• An international team of researchers analyzes the environmental evolution of Antartica

    July 30, 2014

    The University of Oviedo participates in the HOLOANTAR project, which evaluates the effects of climate change on the frozen continent by studying the unglaciated zones

    Arrival of Marc Oliva (left) and Jesús Ruiz (right) at Antartida, at the airfield of Frei

    Only 0.4% of Antartica is not covered by ice. The scarce deglaciated areas host a unique biodiversity that has adapted to an extremely hard environment, which also has several lake areas that prove to be valuable registries in order to reconstruct the environmental evolution of the frozen continent throughout the past millenia, as well as the changes in climate brought about by this progression. The University of Oviedo is part of a group of researchers from Portugal, Spain, Brazil and Uruguay who are working to describe this climate variability in the internation project entitled HOLOANTAR (Holocene Environmental Change in the Maritime Antarctic. Interactions between permafrost and the lacustrine environment).

    The researcher from the Department of Geography of the University of Oviedo, Jesús Ruiz Fernández, is working in this multidisciplinary team that aims at explaining the main changes undergone by the maritime Antartida and attempt to determine what have been the natural and what the human-made reasons behind them. The work of HOLOANTAR, coordinated by researcher Marc Oliva of the University of Lisbon, are being developed at the Bay of Byers, in the Western part of Livingston Island, an area with around 110 lakes cause by the backward movement of the Rotch glacier.

    Professor Jesús Ruiz, researcher from the Department of Geography of the University of Oviedo, is in charge of conducting the detailed cartography and the geomorphologic study of the Byers Peninsula, located in Livingston Island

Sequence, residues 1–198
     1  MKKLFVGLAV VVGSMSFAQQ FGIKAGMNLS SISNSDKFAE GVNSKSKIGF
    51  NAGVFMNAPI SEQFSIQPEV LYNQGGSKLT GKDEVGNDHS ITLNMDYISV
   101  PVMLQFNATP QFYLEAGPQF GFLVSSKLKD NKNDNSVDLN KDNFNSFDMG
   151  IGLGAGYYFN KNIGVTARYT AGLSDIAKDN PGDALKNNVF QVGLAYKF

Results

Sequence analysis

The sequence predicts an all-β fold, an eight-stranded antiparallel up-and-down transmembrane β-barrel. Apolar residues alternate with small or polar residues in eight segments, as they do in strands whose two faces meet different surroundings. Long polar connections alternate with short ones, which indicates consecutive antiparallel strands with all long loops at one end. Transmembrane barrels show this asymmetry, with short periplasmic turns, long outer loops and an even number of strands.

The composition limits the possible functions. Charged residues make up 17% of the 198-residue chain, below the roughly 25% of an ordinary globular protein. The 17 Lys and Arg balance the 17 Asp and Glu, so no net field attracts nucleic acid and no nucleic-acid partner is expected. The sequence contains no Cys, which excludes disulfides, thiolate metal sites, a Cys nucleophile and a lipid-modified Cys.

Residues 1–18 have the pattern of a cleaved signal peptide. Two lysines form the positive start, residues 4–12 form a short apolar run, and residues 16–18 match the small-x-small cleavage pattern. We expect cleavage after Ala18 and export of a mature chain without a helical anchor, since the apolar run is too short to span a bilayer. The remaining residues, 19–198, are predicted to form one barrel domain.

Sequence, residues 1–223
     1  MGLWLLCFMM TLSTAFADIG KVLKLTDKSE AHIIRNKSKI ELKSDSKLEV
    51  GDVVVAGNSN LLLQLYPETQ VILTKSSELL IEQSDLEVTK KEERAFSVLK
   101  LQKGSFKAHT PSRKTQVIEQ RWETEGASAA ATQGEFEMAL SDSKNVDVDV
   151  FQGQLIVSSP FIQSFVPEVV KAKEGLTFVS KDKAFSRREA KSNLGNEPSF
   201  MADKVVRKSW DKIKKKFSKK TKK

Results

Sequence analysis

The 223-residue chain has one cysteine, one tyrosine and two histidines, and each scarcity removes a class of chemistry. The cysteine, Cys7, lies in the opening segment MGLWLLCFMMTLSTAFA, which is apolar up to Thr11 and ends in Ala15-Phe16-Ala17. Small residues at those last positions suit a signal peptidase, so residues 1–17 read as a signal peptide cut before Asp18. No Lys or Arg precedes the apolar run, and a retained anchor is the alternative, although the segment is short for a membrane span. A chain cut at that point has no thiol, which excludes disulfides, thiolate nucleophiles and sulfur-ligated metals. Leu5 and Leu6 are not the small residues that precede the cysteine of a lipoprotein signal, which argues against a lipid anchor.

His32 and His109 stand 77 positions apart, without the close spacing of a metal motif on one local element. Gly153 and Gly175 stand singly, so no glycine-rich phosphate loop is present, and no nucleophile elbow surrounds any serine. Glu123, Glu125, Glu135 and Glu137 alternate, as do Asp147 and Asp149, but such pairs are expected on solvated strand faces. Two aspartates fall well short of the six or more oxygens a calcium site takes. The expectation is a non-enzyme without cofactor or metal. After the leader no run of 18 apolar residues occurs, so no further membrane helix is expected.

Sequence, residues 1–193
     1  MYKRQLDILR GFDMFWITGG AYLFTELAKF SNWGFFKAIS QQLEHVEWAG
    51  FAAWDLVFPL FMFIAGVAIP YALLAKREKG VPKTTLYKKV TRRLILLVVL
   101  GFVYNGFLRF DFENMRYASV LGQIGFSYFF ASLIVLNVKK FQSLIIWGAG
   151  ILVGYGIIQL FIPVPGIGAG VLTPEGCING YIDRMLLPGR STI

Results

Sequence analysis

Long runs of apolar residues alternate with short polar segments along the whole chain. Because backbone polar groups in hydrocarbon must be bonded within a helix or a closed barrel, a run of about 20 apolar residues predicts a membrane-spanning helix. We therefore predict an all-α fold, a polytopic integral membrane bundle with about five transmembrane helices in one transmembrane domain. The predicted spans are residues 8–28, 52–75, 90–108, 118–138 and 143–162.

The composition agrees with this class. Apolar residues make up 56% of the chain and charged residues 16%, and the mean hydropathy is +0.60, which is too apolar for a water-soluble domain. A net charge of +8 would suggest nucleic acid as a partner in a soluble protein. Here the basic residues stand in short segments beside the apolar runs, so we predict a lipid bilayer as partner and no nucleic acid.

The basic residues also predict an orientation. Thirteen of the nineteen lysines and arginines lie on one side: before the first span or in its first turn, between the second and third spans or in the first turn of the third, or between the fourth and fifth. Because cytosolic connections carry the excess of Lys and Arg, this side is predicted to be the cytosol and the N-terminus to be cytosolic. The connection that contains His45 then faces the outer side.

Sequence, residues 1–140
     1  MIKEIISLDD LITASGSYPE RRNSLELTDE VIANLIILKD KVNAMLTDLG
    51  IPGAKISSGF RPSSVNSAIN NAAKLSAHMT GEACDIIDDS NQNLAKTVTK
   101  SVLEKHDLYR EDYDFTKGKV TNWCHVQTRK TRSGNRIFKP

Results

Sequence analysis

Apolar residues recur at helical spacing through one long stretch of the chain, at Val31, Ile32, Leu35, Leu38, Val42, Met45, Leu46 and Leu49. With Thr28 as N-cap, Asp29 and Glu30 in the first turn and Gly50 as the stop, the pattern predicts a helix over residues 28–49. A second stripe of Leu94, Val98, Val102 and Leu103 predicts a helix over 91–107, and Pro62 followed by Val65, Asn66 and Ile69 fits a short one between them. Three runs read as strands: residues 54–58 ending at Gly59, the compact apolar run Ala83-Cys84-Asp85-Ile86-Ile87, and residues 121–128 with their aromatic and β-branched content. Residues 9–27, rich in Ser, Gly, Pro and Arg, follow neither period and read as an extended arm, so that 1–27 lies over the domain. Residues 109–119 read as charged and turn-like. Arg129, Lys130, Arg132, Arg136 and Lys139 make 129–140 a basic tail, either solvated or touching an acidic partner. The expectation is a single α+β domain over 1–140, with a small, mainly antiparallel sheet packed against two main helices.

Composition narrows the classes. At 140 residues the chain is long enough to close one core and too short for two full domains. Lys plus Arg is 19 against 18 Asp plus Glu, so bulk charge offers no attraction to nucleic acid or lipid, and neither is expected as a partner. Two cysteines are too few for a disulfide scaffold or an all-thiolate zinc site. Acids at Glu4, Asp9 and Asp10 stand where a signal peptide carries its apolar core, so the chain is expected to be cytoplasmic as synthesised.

Obtaining a detailed cartography of the lake basins of Byers and studying their geomorphologic dynamics are the concreto goals of Professor Ruiz Fernández inside the team. So far, two field campaigns have been made to gather samples of deposits from several lakes and try to characterize the thermal behavior of the so-called permafrost, an everlasting frozen soil that controls the concrete geomorphological dynamics of the areas free from glacial ice and which constitutes an excellent marker, from the point of view of the climate.

    The first results of the research in the area have led the researchers to prove, for example, the fast retreat of the Rotch glaciar during the past two decades due to climate change. More than 17% of the Elephant Point Peninsula, a never-before-studied area located near Byers, was formed between 1956 and 2010. Moreover, the researchers have been able to prove that more than 11% of the recently deglaciated area of Elephant Point has experimented different type of mass movements, such as slidings, mud flows and fallen soil. These high rates of transportation of materials are common in recently-deglaciated areas and progressively go down as they reach the normal values of non-glaciated areas.